Deaf Ministries.

DeafTODAY. (2003, December 10). Deaf ordained priest. The Church of Uganda has got its first deaf priest. The Rev. David Bulime, 38, of the Immanuel Church of the Deaf, Namirembe, took his vow to priesthood on Sunday at St. Paul's Cathedral, Namirembe... Bulime swore in speech and later repeated the commitment by sign language while his wife, Rose Bulime, interpreted to the congregation.

Uganda Sign Language

International bibliography of sign language. Click on "U", then on "Uganda Sign Language".

Nyst, V., & Baker, A. (2003). The phonology of name signs: A comparison between the Sign Languages of Uganda, Mali, Adamorobe and the Netherlands (pp. 71-80). In A. Baker, Bogaerde, B. van den and O. Crasborn (Eds.), Cross-linguistic perspectives in sign language research. Selected papers from TISLR 2000. Hamburg: Signum.

Ugandan Sign Language: A language of Uganda.

USAID Africa: Uganda Deaf Trainers. With support from USAID's regional Omega Initiative, the Gulu Association of the Deaf in Uganda is training some of its members to teach sign language to deaf persons living in nearby communities. This pilot program is part of the broader initiative of the USAID mission in Uganda to integrate the concerns of people with disabilities into its ongoing activities. In Uganda , 1 in 25 people is disabled, and 15 percent of the disabled are deaf.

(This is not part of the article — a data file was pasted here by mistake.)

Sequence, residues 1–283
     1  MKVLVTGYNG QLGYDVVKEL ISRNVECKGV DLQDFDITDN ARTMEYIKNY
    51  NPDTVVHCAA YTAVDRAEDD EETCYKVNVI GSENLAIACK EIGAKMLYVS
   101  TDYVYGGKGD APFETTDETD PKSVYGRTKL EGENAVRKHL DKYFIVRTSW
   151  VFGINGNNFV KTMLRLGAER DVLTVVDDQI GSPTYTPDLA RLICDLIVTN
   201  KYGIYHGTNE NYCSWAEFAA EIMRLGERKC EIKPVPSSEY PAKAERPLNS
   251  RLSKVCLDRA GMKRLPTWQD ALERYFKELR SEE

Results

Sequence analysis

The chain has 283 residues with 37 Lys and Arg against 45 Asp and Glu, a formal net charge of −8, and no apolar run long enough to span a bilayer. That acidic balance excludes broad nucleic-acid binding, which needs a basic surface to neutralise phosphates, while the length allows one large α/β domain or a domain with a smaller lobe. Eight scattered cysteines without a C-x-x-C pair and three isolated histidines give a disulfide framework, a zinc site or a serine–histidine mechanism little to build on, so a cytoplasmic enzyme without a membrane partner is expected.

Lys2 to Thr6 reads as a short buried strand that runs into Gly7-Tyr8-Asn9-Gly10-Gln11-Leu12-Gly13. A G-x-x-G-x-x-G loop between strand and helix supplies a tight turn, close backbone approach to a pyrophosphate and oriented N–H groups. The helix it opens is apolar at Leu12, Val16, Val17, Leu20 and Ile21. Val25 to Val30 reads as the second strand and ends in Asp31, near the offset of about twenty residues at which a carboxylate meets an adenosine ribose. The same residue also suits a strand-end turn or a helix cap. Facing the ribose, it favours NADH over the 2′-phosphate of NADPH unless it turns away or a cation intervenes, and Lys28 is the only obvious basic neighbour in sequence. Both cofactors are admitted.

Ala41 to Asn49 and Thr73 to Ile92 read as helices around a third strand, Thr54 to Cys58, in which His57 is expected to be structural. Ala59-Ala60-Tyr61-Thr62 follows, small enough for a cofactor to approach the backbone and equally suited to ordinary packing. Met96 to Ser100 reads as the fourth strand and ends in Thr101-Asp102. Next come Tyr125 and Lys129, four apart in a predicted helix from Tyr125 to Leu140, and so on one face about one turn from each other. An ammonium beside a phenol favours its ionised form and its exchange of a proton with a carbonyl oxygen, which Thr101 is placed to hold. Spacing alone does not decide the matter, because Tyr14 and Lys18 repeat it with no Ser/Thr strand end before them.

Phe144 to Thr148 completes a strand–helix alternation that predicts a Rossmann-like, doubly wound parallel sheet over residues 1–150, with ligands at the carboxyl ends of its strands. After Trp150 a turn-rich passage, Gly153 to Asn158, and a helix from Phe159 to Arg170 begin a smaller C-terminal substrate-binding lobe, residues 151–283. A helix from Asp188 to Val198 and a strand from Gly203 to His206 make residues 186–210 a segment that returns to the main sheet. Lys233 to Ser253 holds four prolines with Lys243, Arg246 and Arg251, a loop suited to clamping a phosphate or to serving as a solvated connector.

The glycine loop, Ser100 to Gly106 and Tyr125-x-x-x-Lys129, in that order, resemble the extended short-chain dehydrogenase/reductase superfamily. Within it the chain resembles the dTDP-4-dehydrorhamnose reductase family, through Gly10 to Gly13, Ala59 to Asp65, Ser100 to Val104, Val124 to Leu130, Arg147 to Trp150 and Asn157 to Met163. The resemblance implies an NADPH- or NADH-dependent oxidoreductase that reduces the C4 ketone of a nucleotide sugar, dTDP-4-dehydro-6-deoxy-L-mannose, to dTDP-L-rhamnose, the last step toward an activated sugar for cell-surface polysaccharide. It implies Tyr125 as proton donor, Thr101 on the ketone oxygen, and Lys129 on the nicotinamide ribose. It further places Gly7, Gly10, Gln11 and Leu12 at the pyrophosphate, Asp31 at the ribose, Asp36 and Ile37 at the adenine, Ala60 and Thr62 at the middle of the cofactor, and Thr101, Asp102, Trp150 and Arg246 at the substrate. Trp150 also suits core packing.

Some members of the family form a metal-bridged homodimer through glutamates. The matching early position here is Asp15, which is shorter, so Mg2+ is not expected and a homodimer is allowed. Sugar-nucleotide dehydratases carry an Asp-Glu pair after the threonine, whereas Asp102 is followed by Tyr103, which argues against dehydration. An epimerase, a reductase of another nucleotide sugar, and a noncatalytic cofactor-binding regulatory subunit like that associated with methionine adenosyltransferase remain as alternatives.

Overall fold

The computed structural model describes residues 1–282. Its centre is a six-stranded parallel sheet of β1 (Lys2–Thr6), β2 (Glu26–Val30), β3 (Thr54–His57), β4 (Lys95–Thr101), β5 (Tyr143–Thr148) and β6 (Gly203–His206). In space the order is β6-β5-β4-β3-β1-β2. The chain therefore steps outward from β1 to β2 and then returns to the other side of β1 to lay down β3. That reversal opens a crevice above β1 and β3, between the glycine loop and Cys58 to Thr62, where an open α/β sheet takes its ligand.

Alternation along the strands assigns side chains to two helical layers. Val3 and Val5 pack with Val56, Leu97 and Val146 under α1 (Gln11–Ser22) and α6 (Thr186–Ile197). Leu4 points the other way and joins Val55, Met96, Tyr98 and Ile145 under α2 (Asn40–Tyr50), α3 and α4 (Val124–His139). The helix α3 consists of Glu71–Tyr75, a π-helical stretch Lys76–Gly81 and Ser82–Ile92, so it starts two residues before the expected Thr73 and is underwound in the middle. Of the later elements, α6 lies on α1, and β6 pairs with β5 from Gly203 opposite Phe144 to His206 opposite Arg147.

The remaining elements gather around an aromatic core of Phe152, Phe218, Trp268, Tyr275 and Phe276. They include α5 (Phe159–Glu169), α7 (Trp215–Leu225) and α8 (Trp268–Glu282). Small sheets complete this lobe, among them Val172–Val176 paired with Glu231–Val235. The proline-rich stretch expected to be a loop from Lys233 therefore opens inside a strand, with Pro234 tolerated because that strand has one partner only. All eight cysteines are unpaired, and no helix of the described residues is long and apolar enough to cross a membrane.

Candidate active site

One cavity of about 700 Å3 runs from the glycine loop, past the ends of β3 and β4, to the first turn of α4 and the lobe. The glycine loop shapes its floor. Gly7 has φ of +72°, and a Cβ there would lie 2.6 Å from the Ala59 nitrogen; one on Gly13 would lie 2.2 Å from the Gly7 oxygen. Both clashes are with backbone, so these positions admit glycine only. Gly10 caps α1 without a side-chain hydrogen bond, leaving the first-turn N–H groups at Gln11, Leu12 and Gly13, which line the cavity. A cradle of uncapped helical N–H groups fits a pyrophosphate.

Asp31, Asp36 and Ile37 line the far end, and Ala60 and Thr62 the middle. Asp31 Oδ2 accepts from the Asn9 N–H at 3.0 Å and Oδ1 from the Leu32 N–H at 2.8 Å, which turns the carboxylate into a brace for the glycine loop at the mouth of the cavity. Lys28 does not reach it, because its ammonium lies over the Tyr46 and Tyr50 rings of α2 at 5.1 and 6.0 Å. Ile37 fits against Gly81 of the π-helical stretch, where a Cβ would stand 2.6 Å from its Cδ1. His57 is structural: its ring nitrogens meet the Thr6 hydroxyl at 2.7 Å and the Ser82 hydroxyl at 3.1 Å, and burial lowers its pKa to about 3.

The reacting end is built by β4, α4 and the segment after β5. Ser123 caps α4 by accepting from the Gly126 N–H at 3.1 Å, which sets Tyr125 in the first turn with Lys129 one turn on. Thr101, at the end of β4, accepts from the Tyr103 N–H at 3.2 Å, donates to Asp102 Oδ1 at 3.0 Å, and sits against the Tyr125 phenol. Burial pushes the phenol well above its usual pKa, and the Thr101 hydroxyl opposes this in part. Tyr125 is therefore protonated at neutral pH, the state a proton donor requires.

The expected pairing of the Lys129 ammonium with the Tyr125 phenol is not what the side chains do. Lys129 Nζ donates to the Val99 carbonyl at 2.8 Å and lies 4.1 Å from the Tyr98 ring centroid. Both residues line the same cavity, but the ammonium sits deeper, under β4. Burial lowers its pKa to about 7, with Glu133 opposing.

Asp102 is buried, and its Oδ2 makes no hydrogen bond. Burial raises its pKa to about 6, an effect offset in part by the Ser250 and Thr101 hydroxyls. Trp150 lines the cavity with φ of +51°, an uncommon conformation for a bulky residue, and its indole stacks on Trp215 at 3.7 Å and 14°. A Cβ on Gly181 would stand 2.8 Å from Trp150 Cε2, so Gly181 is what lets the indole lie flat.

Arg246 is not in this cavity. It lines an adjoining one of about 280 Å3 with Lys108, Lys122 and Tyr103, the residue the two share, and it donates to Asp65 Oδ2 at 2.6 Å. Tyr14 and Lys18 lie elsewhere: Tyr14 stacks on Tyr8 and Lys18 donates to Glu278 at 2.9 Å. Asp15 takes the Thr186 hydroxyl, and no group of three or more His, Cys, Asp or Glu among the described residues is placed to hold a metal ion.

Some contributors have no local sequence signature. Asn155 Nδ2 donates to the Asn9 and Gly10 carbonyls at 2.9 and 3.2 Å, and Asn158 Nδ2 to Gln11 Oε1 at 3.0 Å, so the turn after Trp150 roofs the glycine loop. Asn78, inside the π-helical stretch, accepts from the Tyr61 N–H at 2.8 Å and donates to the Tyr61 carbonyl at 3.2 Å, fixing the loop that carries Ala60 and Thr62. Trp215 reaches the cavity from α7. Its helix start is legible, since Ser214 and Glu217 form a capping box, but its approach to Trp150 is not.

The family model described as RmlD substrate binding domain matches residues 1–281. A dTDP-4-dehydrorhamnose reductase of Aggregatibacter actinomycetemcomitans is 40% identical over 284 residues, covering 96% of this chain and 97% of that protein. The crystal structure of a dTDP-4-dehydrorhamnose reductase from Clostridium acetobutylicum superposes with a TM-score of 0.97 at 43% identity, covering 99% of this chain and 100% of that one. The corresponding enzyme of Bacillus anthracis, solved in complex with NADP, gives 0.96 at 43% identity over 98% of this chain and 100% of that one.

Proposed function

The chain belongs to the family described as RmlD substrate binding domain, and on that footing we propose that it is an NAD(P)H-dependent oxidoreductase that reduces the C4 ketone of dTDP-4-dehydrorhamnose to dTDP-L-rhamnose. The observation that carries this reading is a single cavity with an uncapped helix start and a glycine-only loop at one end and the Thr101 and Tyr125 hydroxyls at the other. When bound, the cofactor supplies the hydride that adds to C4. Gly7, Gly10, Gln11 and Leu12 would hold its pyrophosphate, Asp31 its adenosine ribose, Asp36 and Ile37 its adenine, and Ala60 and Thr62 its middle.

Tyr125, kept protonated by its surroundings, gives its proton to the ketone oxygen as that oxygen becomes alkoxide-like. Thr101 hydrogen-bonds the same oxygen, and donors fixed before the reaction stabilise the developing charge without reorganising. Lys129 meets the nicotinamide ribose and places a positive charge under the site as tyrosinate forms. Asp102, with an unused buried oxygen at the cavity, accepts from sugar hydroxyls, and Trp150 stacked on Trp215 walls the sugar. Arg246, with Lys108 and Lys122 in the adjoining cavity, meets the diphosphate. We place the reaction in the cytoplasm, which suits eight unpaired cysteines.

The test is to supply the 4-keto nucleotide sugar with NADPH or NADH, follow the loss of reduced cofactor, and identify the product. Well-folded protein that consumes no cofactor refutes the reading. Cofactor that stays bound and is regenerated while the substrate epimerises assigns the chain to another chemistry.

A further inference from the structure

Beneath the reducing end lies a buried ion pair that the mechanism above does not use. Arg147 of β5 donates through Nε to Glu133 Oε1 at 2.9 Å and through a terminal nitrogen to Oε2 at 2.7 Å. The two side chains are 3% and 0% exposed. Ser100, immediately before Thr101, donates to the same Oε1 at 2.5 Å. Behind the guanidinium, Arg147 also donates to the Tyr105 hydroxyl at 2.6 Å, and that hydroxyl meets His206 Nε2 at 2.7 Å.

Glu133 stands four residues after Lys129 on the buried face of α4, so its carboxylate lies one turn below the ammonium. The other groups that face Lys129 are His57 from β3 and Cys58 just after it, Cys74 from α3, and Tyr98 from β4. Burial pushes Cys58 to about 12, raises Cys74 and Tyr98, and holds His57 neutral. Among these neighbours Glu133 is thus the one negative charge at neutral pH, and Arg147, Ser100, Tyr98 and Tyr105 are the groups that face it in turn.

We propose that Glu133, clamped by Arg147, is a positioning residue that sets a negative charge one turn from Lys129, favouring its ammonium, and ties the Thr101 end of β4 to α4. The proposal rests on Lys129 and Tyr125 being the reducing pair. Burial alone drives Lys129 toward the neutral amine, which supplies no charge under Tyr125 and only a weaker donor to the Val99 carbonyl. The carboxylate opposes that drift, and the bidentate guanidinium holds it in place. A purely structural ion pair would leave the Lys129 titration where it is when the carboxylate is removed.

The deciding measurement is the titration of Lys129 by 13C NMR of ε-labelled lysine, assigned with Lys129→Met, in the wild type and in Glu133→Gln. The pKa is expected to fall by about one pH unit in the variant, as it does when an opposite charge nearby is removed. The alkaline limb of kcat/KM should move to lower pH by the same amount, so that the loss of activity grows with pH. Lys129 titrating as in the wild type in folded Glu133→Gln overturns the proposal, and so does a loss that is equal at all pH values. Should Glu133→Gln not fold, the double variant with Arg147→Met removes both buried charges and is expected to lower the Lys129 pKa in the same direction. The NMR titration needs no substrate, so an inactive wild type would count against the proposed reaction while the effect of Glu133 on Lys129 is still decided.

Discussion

Waiswa, J. (2006, June 13). Uganda: The brain behind the Ugandan dictionary for the deaf.

Wikipedia. Legal recognition of sign languages - Uganda. On October 8, 1995, Uganda's national sign language was recognised in the country's new constitution, making Uganda Sign Language one of the few constitutionally recognised sign languages in the world (WFD News, April 1996). A Deaf signer (27-year-old Alex Ndeezi) was elected to parliament in 1996.

Uganda Sign Language dictionaries

Cassingham, R. Sign language: basic vocabulary. Kampala : Uganda National Institute of Special Education.

Uganda National Association of the Deaf. (1998). Manual of Ugandan signs. Revised ed. Kampala, Uganda.

Wallin, L., Lule, D., Lutalo, S. & Busingye, B. (2006). Uganda Sign Language Dictionary. Sign Language Project, Faculty of Special Needs Education, Kyambogo University, Kampala.